Giza Plateau Pyramids The slightly smaller Pyramid of Khafre is the second pyramid you can explore inside. While on site visiting the pyramids, check out the Solar Boat Museum (tucked away in an ugly building). If you’re not in the mood to traipse around in the heat (which would be a shame after travelling so far to experience these ancient wonders) but you want to enjoy the grand view in air-conditioned comfort, the Pizza Hut, a mere stone’s throw away, offers expansive views.
King Tut’s Tomb You will not find it at the Giza Plateau. Tutankhamen’s tomb is in the Valley of the Kings on the west bank of the Nile near Luxor. The tomb’s treasures, including the famous gold mask, are in the Egyptian Museum in Cairo. Tutankhamen is also written as Tutankhamon, Tutankhamoun and Tutankhamun.
Alone or with a Guide I’m a bit torn on this one. The guide can often sprout forth so much information you do tend to glaze over a little. Trying to make head or tail out of the long list of Egyptian rulers is a minefield. Armed with a trusty guide book (Lonely Planet or DK Eyewitness Travel Guide are easy reads) will get you some of the way but it won’t do it for you entirely. Not only will your guide provide you with interesting snippets you won’t necessarily find in a travel guide, they will also organise your ticket for the Giza Plateau site, entry inside the pyramid and Solar Boat Museum, permit to photograph, and a camel ride. While you wait in the shade. Hassle free.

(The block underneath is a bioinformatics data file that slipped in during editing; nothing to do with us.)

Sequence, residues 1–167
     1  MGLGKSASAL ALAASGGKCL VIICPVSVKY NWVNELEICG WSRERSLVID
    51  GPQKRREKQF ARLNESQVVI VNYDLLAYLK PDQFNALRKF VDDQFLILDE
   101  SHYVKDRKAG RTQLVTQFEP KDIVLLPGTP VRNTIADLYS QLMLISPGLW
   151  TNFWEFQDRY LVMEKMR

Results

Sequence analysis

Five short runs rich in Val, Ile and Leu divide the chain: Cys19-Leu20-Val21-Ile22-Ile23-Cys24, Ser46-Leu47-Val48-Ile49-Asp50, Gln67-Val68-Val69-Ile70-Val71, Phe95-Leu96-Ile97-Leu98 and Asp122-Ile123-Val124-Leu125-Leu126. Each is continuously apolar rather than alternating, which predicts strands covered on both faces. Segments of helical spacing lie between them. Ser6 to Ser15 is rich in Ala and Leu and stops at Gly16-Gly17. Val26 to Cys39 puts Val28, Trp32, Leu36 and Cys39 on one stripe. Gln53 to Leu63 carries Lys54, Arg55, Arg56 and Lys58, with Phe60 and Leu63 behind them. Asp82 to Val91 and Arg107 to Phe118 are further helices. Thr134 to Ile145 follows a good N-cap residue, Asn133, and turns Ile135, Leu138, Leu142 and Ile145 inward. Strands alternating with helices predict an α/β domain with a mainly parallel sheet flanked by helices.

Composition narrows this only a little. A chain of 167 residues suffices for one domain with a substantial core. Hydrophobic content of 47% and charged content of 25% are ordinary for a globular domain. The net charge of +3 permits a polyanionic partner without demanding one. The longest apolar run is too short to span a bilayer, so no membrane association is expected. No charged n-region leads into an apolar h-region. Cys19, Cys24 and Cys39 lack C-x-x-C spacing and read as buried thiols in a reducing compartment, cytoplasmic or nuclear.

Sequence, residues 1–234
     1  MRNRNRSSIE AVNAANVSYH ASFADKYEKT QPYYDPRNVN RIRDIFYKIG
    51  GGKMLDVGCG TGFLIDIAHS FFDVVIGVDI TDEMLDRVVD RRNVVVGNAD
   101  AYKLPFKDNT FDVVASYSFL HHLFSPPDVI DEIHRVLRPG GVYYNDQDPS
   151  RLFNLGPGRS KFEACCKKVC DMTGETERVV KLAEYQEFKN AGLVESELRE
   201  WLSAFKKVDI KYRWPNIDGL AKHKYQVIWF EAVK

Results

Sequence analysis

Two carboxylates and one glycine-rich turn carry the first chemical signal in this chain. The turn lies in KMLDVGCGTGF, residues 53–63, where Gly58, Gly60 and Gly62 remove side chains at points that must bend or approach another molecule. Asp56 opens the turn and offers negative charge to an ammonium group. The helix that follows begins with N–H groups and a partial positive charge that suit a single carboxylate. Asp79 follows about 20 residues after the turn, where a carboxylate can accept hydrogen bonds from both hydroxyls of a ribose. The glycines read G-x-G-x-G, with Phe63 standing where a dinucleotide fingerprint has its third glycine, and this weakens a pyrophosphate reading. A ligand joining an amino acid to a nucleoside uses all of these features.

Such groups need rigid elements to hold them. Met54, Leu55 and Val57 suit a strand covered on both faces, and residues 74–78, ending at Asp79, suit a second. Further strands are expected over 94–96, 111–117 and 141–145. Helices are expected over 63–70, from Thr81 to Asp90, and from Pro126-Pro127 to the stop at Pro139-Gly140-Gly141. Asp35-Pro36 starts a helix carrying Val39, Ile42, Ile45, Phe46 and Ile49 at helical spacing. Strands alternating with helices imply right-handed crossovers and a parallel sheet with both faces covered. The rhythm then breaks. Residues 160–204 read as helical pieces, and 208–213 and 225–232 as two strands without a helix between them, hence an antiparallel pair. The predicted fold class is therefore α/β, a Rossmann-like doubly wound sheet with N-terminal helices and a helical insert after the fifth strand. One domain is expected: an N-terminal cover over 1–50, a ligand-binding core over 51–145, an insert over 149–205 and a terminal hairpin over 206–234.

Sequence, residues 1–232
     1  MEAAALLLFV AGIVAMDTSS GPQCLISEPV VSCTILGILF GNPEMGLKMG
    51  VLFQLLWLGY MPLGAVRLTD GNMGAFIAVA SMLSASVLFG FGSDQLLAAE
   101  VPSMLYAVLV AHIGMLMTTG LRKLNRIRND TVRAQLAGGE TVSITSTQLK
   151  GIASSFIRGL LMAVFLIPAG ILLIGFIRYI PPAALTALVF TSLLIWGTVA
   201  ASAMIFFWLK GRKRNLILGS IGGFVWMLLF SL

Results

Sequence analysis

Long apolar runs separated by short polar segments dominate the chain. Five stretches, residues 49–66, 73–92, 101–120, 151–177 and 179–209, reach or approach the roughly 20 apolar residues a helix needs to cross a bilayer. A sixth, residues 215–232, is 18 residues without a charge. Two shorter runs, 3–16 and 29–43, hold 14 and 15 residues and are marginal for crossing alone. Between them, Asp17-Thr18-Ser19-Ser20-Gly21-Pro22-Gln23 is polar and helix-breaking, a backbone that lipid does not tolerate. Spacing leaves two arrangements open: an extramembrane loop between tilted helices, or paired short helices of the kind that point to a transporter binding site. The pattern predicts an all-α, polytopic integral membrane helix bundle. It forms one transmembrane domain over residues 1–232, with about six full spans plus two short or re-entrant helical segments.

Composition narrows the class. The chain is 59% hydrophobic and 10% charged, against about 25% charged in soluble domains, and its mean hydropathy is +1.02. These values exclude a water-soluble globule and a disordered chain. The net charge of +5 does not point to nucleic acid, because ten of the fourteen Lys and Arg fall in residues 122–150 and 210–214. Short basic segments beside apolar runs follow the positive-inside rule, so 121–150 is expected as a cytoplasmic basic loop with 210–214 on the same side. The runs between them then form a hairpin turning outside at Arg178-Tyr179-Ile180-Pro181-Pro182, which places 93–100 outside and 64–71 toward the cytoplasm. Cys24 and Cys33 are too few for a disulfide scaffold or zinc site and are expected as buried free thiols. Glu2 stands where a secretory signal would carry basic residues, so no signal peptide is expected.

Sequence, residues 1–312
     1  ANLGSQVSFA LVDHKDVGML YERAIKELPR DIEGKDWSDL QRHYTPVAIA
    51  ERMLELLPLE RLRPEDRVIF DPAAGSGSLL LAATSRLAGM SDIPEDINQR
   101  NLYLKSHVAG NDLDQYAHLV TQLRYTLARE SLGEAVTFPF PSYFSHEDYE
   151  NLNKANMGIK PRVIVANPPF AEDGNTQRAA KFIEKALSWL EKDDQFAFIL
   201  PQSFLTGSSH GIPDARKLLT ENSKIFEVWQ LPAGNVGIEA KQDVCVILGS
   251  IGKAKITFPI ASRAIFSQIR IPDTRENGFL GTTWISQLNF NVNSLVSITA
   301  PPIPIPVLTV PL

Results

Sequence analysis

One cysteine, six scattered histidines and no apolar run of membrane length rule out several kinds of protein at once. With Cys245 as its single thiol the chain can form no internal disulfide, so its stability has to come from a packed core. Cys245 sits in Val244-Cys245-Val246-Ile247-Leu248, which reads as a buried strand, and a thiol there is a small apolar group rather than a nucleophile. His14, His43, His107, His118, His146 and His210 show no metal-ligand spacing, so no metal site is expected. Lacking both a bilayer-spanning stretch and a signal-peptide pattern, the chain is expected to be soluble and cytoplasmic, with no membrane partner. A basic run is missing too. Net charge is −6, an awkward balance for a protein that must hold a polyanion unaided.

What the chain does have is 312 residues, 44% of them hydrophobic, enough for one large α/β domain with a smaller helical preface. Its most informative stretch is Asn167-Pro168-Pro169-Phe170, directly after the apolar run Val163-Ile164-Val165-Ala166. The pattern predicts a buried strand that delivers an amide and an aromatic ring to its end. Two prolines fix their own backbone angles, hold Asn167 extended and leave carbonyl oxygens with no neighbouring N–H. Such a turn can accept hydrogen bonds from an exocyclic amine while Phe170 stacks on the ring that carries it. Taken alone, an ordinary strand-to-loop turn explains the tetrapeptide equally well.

Our guide was Mohamed Salah. He was with us for the entire week we were in Cairo and Giza, and comes highly recommended. Contact details are available on request. Just send me an email.